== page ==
Where does it all end? When will the Indian woman be safe in her own country? Not in this lifetime I’m sure. Facts and figures reveal a gruesome yet true story. The three fastest growing crimes in India are rape, murder and molestation. Out of these, two are particularly directed against women. Consider this :
· A senior BSP leader and two others have been accused for sexually exploiting a 17-year-old girl. She has also accused them of taking her nude photographs and preparing a CD of her.
· A 17-year-old girl was raped by police constable inside a police chowky at Marine Drive.
· A 14-year-old student of a government school in Tilak Marg has accused her 17-year-old “friend” of rape. The boy had taken her to a friend’s house on February 14.
· Seven teachers of a primary Teachers Training College (PTC) raped a dalit girl, who was a student of the college. The girl revealed that some other girls, too, have been victimized and raped by the teachers.
Rape cases in India have jumped nearly 700 per cent since1971. What were seven cases per day at that time have now rocketed up to fifty-three cases per day. Over 75 per cent of rapists are known to the victims and nearly 10 per cent are relatives. Minors, most of them being under ten years old, constitute one-third of the total number of sufferers. On an average, a woman is abused every half hour.
Women continue to be exploited by the lecherous men of this country. Despite their anguished pleas, they are trodden upon and brutally disregarded. For men, they are nothing more than an object of pleasure, something to play with and scorn at, and then discard like a used condom.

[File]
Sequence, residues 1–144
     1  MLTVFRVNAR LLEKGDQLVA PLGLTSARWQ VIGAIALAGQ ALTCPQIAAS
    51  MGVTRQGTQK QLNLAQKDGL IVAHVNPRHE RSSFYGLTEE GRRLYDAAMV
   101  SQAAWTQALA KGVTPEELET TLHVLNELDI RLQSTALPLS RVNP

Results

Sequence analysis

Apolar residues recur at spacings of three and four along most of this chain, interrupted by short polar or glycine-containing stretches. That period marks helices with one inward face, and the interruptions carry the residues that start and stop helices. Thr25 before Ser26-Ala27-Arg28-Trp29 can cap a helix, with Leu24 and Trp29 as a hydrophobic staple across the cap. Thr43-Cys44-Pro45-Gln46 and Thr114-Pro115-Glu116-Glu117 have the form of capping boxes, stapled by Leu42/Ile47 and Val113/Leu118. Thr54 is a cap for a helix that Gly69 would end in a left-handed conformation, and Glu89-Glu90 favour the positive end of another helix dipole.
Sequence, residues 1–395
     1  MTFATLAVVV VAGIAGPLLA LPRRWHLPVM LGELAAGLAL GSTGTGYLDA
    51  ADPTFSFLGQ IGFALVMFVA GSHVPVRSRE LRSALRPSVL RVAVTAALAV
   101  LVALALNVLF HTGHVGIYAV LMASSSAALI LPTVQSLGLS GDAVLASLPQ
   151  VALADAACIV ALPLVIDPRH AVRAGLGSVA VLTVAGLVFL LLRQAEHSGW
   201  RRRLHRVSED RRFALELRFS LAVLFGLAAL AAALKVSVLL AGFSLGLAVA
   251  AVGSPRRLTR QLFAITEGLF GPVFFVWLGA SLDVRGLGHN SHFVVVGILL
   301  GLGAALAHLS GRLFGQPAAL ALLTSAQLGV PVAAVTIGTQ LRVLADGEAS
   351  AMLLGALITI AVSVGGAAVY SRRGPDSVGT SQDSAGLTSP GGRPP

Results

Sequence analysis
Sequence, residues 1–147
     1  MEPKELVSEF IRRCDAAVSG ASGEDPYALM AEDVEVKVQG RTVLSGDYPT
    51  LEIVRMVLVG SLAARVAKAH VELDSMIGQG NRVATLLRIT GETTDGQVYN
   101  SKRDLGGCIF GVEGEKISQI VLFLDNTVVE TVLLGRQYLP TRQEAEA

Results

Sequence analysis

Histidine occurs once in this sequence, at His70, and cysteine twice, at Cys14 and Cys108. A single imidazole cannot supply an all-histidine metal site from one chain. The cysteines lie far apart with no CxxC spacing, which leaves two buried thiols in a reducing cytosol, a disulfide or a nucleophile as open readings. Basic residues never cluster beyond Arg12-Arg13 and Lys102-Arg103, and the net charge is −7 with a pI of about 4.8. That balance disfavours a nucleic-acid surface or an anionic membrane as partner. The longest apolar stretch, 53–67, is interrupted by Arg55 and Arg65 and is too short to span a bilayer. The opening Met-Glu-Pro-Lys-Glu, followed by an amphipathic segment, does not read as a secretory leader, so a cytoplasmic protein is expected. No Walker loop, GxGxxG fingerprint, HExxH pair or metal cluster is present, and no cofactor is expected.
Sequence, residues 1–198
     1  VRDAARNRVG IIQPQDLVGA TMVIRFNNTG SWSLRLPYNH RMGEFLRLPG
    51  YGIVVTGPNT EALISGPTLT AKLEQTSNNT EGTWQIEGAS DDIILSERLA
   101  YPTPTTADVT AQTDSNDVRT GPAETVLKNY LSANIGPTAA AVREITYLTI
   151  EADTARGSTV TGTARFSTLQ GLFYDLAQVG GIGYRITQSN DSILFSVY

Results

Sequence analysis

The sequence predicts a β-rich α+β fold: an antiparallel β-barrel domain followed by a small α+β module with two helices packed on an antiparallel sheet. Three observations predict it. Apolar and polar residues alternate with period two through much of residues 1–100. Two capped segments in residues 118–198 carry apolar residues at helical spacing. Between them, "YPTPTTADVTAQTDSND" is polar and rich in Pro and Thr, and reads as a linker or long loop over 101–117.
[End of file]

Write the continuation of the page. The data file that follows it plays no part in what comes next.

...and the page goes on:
The mental and emotional trauma of the victim is endless. She feels worthless and loses all self respect. Some victims, not able to handle the pain and suffering, have even ended their lives. At times, the offender proposes marriage to the woman he has raped. How exactly can he think that the woman whose modesty he has outraged will accept him as her husband, her life partner? After all, nuptial alliance is not just something physical, and certainly not a forced bond, is it? It involves love, respect and faith, which, after the heinous act committed by the man, cannot be re-established. However, some do accept this offer, or rather are forced to do so, because of fear of social stigma.
The society frowns upon these victims of someone else’s atrocious behavior. They lose respect within their own people, and are regarded as women of loose character. They get apathy, instead of sympathy and empathy. So much so, that when the victim goes to the courts for the hearing of their case, her family stands like the underdog while the culprit and his family behave like lions proud of their kill.
The worst of all are those people who blame the woman for “indecent behavior” such as wearing skimpy clothes or going out late at night. I ask them, are women in burkhas and salwar-kameez not eve-teased, raped or molested? Are women not groped in broad daylight? These people should try to understand the impact of their statement on the one ill-treated. They are making the victims feel guilty of being robbed off their modesty. Had the same thing happened with one of their own kin, would they have made the same statement?
The conviction rate is low, completely contrary to the rate at which crimes against women are rising. Only 20 per cent of the rape accused ever get convicted. In almost 70 per cent of the cases, the victim backtracked on her statement fearing embarrassment and humiliation. The accused is let off, usually after an out-of-court settlement and feels no remorse whatsoever of his monstrous deed. The one bearing the brunt of all this is the victim herself, having been scarred for life. I personally feel that the best punishment for these ill-minds is to castrate them, and make them go under sex-change operations, so that they too live in fear of being raped.
[Image courtesy: http://www.flickr.com/photos/-kc-/2201159012/]